The last two teams standing in the American League overcame plenty of obstacles to reach the AL Championship Series, but the Toronto Blue Jays and Cleveland Indians are both playing as well now as they have all season.
“Two good teams. Two hot teams. It should be a good matchup,” said Toronto manager John Gibbons.
The two teams who will meet in Game 1 of the ALCS on Friday night at Progressive Field have not yet tasted defeat in the postseason. In the two division series, Cleveland swept Boston in three games and Toronto swept Texas in three games.
“It was a battle to get in, but we’ve been swinging it well in the last week,” said Gibbons, whose team had a losing record (11-16) in September, and needed a walk-off home run in the 11th inning to beat Baltimore in the wildcard game.
Cleveland’s 16-11 September record was the reverse of Toronto’s, but the Indians’ hardships came during the regular season. Their best hitter, Michael Brantley, missed virtually the entire season with a shoulder injury. Starting catcher Yan Gomes missed 2 1/2 months with a separated shoulder, and the Nos. 2 and 3 starters in their rotation, Carlos Carrasco and Danny Salazar, suffered season-ending injuries in September.
“They took a couple of big blows, a couple of big injuries, and they just kept on trucking,” Gibbons said.
“Losing two starters like that late is tough, but I think we have enough good players to win. We’ve just got to play good baseball,” Indians manager Terry Francona said.
The Indians, however, still have their No.1 starter, Corey Kluber, rested and ready to start Game 1. Kluber, a Cy Young Award candidate, was 18-9 with a 3.14 ERA in the regular season. He pitched seven scoreless innings on three hits in a 6-0 win over the Red Sox in Game 2 of the Division Series.
“We expect him to be good and stingy,” said Gibbons. “You never enjoy facing him, that’s for sure.”
Kluber has struggled in his career vs. Toronto. In one start against the Blue Jays this year he gave up five runs in 3 1/3 innings in what became a 17-1 loss. In five career starts against the Blue Jays Kluber is 1-3 with a 5.34 ERA.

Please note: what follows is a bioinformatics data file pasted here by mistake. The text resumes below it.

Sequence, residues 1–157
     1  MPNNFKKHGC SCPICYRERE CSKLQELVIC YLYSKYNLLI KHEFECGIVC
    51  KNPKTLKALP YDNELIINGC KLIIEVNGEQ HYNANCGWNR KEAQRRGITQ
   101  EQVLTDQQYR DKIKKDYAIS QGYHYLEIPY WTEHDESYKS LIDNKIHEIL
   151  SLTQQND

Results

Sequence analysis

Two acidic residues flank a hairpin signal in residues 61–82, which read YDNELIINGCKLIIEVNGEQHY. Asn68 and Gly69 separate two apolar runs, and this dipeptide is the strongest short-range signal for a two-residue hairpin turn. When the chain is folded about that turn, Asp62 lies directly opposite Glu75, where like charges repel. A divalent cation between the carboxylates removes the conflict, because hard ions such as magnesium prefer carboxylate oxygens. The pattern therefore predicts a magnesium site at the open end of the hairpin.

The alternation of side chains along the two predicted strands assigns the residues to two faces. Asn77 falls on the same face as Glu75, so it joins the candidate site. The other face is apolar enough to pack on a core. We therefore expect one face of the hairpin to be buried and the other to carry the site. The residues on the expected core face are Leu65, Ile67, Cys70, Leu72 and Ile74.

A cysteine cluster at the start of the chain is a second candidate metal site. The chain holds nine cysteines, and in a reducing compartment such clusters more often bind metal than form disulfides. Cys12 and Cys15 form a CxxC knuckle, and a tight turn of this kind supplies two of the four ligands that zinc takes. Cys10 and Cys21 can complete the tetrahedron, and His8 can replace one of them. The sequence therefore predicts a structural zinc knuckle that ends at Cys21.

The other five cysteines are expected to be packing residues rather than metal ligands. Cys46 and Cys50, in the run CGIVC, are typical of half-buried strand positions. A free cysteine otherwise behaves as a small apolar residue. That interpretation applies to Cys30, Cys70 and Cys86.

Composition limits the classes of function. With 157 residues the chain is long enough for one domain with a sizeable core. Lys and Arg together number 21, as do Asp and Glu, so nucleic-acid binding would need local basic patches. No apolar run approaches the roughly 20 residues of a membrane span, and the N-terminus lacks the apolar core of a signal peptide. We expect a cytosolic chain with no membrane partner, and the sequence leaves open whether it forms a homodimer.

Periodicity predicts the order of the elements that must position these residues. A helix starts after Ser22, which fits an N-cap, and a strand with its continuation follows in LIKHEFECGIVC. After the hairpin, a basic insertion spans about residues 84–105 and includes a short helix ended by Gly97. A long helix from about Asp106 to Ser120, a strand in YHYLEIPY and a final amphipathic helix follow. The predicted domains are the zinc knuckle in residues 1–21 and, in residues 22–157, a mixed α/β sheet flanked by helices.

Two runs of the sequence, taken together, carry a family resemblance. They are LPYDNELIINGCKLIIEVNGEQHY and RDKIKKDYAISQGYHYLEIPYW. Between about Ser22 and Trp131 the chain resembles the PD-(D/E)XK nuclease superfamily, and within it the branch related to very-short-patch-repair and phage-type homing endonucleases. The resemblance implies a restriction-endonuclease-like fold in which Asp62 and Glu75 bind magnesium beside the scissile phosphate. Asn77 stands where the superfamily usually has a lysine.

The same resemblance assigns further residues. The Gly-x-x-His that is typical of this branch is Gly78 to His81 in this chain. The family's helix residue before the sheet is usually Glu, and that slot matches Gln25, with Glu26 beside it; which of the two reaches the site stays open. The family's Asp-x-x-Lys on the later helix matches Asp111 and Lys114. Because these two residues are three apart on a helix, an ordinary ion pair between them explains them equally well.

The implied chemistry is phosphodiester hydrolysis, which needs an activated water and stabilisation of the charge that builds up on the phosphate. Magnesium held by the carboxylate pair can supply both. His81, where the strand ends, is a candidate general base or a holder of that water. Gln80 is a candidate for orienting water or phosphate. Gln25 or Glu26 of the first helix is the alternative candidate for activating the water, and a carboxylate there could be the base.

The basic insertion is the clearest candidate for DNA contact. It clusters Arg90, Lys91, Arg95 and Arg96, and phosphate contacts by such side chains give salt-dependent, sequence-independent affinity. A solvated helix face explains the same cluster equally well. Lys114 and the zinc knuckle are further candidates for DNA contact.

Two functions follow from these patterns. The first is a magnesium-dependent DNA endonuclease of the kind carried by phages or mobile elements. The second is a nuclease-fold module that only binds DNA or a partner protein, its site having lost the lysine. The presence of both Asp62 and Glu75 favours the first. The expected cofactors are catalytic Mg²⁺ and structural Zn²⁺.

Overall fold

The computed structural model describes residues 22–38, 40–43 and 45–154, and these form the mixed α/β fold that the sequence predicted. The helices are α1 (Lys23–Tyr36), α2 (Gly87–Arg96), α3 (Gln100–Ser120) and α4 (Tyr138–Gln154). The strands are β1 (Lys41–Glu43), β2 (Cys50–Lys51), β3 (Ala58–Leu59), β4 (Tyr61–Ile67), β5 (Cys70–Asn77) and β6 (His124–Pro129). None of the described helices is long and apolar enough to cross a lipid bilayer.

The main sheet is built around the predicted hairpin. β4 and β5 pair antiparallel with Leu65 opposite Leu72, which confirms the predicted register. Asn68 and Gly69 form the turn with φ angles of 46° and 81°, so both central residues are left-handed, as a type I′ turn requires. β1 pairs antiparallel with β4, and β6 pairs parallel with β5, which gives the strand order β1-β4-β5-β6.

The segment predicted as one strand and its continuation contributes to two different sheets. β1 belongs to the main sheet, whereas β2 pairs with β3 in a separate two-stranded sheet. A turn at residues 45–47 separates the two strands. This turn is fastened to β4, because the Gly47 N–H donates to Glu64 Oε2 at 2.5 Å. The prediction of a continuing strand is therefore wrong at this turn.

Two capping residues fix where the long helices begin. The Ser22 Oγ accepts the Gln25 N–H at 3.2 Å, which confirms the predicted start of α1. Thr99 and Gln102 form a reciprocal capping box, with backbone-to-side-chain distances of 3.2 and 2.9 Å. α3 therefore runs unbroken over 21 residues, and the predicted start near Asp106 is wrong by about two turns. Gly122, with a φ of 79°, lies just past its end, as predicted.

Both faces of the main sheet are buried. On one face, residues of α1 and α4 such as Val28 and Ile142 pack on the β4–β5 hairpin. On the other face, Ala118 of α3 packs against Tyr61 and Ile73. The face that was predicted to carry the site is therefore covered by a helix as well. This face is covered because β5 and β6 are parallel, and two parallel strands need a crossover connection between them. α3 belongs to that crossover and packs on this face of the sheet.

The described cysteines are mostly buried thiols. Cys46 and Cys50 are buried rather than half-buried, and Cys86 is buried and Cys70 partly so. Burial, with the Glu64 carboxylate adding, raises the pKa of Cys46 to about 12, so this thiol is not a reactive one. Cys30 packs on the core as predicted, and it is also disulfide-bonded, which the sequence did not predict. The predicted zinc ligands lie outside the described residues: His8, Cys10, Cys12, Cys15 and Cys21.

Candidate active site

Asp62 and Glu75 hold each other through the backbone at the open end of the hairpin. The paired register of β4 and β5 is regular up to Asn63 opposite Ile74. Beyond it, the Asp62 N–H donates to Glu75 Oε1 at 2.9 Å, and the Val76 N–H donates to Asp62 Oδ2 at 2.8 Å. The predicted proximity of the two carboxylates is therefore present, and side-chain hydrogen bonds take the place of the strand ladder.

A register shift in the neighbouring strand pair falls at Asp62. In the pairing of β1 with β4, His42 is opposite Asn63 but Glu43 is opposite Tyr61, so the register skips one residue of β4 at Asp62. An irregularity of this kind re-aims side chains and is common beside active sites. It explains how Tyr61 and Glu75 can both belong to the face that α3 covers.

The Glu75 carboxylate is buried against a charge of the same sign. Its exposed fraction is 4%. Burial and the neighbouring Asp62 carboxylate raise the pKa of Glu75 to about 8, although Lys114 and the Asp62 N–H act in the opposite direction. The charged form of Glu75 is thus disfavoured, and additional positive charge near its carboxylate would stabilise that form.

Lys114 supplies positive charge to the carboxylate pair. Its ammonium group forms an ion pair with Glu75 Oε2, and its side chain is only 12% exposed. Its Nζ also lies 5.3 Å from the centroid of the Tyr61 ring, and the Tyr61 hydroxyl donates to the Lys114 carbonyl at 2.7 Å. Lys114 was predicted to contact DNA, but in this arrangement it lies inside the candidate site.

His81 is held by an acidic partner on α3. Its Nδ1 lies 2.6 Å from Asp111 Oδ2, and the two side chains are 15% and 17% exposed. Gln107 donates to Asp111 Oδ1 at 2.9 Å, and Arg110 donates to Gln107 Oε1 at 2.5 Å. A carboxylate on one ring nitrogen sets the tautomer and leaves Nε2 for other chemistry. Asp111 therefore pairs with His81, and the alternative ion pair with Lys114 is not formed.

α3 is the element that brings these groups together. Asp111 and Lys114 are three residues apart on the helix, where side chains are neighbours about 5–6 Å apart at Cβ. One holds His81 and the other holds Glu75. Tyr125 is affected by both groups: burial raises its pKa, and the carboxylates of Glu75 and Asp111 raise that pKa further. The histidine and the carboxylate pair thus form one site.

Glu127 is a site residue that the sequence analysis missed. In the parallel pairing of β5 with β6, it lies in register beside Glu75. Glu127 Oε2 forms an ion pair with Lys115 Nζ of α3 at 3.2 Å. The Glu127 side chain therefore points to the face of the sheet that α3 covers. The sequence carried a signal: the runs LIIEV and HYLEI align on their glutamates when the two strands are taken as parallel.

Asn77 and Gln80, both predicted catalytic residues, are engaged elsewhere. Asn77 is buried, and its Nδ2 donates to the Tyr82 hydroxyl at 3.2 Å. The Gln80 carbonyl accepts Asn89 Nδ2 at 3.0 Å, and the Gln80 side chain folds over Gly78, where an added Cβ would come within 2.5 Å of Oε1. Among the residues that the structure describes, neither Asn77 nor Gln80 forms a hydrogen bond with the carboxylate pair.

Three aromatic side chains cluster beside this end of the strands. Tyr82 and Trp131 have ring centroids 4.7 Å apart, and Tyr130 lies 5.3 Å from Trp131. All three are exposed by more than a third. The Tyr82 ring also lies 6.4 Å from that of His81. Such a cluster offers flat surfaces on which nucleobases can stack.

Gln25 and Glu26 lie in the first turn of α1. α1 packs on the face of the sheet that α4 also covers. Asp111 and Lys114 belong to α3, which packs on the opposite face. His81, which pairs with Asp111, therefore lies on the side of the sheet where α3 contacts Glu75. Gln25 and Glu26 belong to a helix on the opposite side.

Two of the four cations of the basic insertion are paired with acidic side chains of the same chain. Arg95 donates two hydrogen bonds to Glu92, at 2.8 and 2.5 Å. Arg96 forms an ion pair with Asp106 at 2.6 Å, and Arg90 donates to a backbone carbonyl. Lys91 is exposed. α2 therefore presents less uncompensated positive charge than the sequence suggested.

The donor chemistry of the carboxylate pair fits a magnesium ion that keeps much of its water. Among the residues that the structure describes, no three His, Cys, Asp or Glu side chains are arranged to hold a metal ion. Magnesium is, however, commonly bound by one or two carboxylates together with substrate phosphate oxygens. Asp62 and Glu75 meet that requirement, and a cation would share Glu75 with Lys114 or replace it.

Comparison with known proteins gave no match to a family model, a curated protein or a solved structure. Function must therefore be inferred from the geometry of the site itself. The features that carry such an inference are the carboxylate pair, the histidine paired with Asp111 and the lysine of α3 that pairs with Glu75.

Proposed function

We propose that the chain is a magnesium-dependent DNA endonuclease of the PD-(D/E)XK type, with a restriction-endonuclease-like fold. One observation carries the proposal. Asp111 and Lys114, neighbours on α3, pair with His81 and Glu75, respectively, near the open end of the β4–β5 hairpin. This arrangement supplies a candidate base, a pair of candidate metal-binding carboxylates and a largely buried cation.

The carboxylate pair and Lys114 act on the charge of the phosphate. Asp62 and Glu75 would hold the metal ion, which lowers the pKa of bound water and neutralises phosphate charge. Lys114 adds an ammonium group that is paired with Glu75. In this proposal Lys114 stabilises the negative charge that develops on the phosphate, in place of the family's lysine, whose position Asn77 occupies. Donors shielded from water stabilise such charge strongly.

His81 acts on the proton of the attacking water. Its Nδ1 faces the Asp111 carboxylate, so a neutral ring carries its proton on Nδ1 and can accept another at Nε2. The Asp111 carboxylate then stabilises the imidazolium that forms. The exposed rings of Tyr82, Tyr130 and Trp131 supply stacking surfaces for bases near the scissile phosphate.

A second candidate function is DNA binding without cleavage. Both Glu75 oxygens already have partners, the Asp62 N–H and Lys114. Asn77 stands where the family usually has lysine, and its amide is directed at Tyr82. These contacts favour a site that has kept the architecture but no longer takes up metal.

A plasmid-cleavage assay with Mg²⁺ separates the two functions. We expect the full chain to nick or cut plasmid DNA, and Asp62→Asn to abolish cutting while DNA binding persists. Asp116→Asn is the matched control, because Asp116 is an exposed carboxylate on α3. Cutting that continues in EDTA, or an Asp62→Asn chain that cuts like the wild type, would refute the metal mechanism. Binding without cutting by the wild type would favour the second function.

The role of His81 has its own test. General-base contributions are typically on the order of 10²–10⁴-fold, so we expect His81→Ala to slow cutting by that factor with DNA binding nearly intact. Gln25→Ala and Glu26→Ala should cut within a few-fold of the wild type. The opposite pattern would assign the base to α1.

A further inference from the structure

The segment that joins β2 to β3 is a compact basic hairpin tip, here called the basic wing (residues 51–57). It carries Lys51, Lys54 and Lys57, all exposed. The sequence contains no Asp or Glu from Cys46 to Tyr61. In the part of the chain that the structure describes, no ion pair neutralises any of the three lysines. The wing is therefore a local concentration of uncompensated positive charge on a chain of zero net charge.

Gibbons has no explanation for his team’s success against Kluber. “There’s a lot of things that happen in this game that you don’t know why,” he said.
Marco Estrada, Toronto’s Game 1 starter, was 9-9 with a 3.48 ERA in the regular season, but he came up big in Game 1 of the Division Series vs. Texas. Estrada allowed one run on four hits in 8 1/3 innings in a 10-1 Blue Jays victory. In one start against Cleveland this year Estrada got the win in a 9-6 Toronto victory, pitching five innings and allowing three runs on four hits.
Estrada said he’s hopeful the Blue Jays can use the momentum they gained during the sweep of Texas in the Division Series to good advantage in the ALCS.
“It’s all about timing. That’s usually the way it works,” he said. “The best team doesn’t always win, but I think the hottest team is usually the one that takes it all.”
Francona knows his pitching staff faces a big challenge in trying to control Toronto’s power-packed lineup.
“You don’t run down the hall to face their hitters,” Francona said.
“They have a solid lineup, one through nine,” said Kluber. “They are all good hitters, with a lot of power, but they’re also patient. So you’ve got to execute your pitches. There is no magic formula.”